Clinton sent daughter material that was later classified

FILE - In this Oct. 23, 2016 file photo, Democratic presidential candidate Hillary Clinton speaks at a campaign event in Charlotte, N.C. Poring through tranches of private, stolen emails from Hillary Clinton’s campaign is fast becoming a grinding daily ritual in Washington. As of Tuesday, Oct. 25, 2016, the WikiLeaks organization has published more than 31,000 emails from the accounts of John Podesta, chairman of Clinton’s presidential campaign. (AP Photo/Mary Altaffer, File)

WASHINGTON (AP) — The State Department on Friday released a 2009 email chain that shows then-Secretary of State Hillary Clinton forwarding to her daughter material that the department classified last year.

At issue is a December 2009 email that President Barack Obama’s trade adviser, Michael Froman, sent to senior White House and State Department staff members. After it made its way up to Clinton, she sent it to “Diane Reynolds,” an email pseudonym for Chelsea Clinton.

“See below,” Clinton told her daughter. The entire email chain has been blacked out on confidential grounds, the lowest level of classification.

The chain was among the State Department’s last release of documents from Clinton’s private server before Tuesday’s presidential election.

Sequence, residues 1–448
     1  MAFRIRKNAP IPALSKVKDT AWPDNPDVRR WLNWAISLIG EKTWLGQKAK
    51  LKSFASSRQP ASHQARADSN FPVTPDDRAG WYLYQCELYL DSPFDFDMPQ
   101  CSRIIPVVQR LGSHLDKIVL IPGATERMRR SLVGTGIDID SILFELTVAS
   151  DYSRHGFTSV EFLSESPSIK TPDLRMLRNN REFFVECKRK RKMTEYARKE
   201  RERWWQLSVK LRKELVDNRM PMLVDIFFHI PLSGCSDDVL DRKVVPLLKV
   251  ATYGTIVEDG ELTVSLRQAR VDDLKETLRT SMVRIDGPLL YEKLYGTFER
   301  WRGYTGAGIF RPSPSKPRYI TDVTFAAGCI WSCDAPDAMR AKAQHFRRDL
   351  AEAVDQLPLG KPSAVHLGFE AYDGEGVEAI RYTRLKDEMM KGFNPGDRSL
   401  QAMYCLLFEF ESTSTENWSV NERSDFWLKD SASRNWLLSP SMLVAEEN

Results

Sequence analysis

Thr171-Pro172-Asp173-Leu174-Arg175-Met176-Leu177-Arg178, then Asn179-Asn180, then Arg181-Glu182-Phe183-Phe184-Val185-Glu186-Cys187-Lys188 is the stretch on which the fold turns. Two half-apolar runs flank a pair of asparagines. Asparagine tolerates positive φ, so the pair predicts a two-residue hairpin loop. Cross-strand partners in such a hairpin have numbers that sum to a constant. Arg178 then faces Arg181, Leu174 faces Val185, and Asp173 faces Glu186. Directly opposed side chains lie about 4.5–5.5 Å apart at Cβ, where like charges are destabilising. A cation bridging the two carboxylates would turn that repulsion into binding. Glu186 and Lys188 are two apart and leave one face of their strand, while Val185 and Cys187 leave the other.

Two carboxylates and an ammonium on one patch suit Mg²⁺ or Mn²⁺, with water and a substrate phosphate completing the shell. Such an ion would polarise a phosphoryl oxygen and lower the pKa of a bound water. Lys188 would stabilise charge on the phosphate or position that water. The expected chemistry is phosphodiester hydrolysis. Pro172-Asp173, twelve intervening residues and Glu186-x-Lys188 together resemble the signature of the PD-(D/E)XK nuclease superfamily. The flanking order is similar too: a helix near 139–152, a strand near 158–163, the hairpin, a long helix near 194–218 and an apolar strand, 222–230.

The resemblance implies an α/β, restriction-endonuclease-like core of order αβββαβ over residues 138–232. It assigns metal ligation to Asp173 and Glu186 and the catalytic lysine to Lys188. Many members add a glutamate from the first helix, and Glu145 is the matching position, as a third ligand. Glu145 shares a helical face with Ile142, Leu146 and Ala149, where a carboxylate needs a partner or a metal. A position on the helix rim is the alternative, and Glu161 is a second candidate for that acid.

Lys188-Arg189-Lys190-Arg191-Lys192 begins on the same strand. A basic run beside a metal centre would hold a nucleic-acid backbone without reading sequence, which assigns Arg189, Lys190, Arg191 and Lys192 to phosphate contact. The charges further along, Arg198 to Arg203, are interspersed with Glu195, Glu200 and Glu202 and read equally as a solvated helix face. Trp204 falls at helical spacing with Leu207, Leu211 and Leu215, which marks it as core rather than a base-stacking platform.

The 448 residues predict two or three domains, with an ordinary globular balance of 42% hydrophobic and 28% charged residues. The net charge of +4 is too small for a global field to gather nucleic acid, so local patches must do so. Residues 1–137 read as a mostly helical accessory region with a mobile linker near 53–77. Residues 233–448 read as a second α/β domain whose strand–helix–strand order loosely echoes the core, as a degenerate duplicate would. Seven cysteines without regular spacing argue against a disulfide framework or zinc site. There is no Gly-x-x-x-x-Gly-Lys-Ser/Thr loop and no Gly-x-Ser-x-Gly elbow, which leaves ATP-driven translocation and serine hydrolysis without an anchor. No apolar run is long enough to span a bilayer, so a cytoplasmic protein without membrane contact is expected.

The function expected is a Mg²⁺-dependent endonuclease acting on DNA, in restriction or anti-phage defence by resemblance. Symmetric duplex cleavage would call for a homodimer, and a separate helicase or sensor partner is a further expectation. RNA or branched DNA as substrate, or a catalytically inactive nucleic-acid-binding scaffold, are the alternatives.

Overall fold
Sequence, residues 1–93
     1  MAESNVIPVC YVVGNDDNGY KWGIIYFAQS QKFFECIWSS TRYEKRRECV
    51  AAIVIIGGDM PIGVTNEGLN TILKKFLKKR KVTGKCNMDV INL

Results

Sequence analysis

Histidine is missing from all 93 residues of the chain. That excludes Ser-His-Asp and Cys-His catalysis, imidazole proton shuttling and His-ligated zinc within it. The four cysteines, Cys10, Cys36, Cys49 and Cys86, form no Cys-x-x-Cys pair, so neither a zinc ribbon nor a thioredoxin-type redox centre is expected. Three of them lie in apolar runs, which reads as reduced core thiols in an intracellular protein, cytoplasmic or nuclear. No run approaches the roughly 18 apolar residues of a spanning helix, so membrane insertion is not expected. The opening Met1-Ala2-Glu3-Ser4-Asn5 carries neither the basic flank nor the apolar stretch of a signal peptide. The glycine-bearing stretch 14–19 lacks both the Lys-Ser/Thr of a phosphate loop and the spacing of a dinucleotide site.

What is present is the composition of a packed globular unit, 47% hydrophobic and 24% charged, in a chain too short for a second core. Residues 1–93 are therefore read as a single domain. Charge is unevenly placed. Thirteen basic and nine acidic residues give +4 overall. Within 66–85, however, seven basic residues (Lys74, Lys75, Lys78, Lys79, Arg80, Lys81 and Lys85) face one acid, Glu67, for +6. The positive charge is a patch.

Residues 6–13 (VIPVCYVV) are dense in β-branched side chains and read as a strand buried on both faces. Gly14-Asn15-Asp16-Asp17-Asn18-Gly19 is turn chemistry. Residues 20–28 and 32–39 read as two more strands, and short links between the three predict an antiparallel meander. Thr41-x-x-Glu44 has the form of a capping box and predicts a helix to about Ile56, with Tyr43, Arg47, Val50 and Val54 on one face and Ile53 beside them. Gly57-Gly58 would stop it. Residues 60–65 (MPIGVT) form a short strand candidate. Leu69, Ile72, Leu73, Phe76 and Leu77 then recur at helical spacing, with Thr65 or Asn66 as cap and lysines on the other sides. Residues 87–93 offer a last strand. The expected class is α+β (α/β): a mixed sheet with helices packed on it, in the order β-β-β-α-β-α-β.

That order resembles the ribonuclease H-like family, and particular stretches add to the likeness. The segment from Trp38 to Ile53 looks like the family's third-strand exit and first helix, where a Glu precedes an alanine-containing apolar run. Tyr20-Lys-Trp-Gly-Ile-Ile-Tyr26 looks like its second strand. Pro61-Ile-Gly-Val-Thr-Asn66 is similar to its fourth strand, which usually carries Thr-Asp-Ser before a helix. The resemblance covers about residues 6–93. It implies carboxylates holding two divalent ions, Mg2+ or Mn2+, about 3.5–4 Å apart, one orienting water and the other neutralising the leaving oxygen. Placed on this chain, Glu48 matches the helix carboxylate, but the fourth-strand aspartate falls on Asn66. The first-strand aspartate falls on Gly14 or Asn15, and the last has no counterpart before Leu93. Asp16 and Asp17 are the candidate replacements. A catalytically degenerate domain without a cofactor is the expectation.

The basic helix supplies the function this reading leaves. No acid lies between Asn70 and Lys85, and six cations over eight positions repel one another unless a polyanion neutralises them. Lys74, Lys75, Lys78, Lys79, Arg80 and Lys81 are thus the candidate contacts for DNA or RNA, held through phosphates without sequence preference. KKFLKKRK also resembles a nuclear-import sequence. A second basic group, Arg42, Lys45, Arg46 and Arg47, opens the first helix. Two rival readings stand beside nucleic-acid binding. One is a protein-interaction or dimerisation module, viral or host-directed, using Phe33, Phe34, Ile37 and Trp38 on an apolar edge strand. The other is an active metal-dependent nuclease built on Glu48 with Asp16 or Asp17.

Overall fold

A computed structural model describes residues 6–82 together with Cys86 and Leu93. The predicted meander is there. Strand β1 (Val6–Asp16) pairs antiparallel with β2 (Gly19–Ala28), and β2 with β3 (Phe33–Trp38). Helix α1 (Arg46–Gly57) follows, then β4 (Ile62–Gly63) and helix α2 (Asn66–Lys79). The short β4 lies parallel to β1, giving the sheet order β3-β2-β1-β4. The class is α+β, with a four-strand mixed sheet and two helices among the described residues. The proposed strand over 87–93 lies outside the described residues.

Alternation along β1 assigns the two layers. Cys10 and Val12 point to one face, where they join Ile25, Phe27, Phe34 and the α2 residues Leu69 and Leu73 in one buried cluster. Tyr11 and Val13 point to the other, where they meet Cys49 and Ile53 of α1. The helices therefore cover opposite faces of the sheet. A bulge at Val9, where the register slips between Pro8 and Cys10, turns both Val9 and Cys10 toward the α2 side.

The department classified portions of two other emails released Friday.

They concerned phone calls Clinton had planned in November 2010 with the United Arab Emirates’ crown prince and Afghan President Hamid Karzai. At the time, WikiLeaks’ release of hundreds of thousands of diplomatic cables was roiling U.S. relations with governments around the world.

The emails were written by Clinton’s deputy chief of staff, Huma Abedin. The department designated portions of each “confidential.” State Department spokesman Mark Toner said neither document was marked classified when it was sent.

Friday’s release, four days before Election Day, included 74 emails totaling 285 pages. The FBI provided the emails to the State Department after uncovering them as part of its investigation of Clinton’s email practices.

Many emails are near duplicates of documents the department released after receiving 55,000 pages from Clinton in 2014.

Some reflect minor additions, such as Clinton asking an aide to print out the exchange on paper.

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